“Or perhaps it was revenge for the puppies.”
Darby smiled. Gabe, Coop and Rigby had all arrived during the time he and Sadie had been absent. With them, they’d brought their gifts from him, the remaining spaniels in the litter, just so recently delivered to each of their domiciles with the viscount’s compliments.
The ladies were delighted. Marley was nearly over the moon when all the puppies were put on the carpet and they immediately began crawling over her, licking her, reducing her to helpless giggles.
It had felt so strangely wonderful to hear Marley’s giggles. That was what childhood should be. A time of giggles and puppies. And innocence. Or so he would like to believe.
“Shameless toadeater,” Gabe had said to him jokingly as the four men stood together, away from the fray, “making certain all the ladies love you. Now explain yourself. How the devil did you go from reluctant guardian to engaged man in five short days?”
Later, he’d promised them, over drinks at their club, and before Sadie was happily attacked by the ladies, much like Marley had been by the puppies, he managed to extricate her and, well, here they were.
He’d left Sadie to contemplate her future, their future, as they circled the square, but now it was time to move on to the next step. She hadn’t responded to his whispered announcement to her that he expected an heir from their bargain, but he was in no rush to push her on the subject. After all, he did know how to nudge…
“I gave the ladies only vague instructions. How many gowns did you order?”
“I have not ordered any gowns. I never asked for any gowns. Or the shoes, or the gloves or the bonnets or the scarves or the cloaks or reticules. I did not agree to having my hair trimmed, nor my fingernails buffed. I neither need nor want anything.”
“All right,” he said, trying not to smile. “Let me rephrase that. How many gowns—and the rest of it—have the ladies ordered for you?”
Sadie sighed. “Too many, too much. And for Marley, as well, but I saw the point in that, as she is growing very quickly right now and complained that her half boots have begun to pinch. The duchess assured me every piece was necessary, or else I would be an embarrassment to you, as your ward’s aunt. All the bills for the small army of tradespeople who have been tracking in and out of the mansion these past days will be sent to your direction. I should thank you, I know, and I do, but please understand I only agreed because of Marley.”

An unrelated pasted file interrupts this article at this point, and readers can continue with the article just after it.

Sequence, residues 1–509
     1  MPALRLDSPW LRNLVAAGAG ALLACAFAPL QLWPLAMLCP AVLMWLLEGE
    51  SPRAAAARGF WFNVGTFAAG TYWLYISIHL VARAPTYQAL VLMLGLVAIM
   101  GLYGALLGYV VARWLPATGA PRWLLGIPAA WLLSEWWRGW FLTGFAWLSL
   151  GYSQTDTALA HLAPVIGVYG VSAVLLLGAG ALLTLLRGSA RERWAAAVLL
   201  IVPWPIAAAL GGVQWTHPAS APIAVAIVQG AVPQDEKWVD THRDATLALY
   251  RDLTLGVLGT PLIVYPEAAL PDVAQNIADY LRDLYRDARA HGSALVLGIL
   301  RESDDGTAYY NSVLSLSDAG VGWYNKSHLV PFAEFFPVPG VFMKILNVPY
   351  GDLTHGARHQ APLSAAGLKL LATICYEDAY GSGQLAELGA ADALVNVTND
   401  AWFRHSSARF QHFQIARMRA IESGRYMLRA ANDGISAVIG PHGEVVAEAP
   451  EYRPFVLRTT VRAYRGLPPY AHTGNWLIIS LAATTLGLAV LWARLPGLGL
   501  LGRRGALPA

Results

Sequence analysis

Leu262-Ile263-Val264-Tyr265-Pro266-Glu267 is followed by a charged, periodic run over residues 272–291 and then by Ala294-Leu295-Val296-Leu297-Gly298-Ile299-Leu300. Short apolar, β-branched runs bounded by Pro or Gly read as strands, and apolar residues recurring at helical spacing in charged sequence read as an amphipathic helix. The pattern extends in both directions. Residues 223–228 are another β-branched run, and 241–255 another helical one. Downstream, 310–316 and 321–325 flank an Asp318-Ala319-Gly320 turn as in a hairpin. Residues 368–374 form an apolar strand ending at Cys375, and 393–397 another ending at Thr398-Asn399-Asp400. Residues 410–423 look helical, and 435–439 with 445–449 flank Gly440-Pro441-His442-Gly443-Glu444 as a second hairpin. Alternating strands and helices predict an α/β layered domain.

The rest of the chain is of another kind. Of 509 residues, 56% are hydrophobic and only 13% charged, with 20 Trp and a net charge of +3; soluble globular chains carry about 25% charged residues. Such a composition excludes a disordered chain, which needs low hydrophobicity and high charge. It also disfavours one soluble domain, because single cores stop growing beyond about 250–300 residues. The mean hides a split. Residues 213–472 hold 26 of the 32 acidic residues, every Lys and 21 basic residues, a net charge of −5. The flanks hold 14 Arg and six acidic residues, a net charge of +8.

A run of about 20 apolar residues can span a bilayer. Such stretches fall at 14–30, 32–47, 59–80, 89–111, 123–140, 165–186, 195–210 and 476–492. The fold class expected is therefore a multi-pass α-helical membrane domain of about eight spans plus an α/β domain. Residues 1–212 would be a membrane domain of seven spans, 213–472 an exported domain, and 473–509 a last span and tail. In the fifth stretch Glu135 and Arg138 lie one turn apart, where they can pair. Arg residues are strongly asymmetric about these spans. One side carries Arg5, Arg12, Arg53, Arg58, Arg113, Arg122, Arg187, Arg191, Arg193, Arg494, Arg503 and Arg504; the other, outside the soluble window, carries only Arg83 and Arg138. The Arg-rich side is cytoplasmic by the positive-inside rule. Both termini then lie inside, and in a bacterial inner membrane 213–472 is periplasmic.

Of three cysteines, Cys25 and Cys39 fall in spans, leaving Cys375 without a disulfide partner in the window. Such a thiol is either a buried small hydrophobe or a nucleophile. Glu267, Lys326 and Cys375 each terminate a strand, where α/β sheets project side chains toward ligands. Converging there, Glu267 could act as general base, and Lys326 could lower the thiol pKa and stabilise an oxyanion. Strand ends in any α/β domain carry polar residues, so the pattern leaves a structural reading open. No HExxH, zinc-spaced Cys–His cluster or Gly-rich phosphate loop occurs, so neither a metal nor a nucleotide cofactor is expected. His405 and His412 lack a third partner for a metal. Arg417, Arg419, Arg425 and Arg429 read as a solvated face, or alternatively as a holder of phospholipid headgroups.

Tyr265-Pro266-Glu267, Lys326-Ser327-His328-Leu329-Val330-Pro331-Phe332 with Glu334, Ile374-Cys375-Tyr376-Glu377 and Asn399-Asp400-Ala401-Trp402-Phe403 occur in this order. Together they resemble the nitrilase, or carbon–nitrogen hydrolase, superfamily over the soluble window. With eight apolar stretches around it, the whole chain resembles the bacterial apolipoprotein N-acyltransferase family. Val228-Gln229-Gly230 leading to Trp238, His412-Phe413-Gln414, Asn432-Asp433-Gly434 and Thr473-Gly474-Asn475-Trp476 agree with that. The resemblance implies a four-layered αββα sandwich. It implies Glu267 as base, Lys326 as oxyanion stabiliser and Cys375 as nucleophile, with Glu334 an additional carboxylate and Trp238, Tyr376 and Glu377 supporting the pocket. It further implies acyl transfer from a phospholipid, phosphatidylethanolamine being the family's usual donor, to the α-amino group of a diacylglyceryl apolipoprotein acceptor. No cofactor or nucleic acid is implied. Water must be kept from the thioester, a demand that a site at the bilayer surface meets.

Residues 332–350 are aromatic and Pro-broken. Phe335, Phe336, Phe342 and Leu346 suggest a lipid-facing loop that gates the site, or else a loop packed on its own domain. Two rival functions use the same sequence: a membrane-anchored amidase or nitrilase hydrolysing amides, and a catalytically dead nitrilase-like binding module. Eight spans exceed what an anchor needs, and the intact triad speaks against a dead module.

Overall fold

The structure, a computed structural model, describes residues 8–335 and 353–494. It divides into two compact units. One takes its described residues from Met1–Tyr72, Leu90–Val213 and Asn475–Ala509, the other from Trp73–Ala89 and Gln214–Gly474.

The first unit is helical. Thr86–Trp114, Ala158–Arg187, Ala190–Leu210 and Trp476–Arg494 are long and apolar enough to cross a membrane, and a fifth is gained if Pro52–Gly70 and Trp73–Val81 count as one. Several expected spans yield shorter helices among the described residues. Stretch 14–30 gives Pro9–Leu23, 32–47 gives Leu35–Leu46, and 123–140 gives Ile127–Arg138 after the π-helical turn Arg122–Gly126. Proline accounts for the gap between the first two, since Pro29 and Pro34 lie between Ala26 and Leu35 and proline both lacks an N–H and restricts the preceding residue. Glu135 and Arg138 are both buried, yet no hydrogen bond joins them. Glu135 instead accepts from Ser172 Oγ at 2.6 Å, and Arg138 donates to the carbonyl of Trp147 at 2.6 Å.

“Yes, Marley appears to be at the center of everything you and I have done these past days. So young and defenseless, and so clearly troubled. John’s death affected her greatly, didn’t it? I would imagine it would, at her age.”
I know it would, at her age. But I won’t think about that. I never think about that.
He guided Sadie to one of the benches situated along the square and invited her to sit down, then spread his coattails and sat beside her.
“She’s afraid. You’ve noticed that, as well. Susan, Marley’s mother, passed away when Marley was only just three, and she barely remembers her, which is sad in itself. I did my best to step in for her, coming to live with them, helping in John’s surgery, taking it over for the time he was away and…and until he died.”
She seemed open to telling him things now, so he decided to see just how much information might be forthcoming. “You never mentioned where John and Marley lived. Where he had his surgery.”
She looked up at him curiously, and he noticed that her eyes were shining with unshed tears. It hadn’t been the best of days for her, not for a many number of weeks and months, and he felt his heart soften toward her. She was quietly brave, and he admired her for that, as well. He could even forgive her lies—her one lie, for that’s all it had been, really. She had done what she had thought best under the circumstances. As had he, come to think of the thing.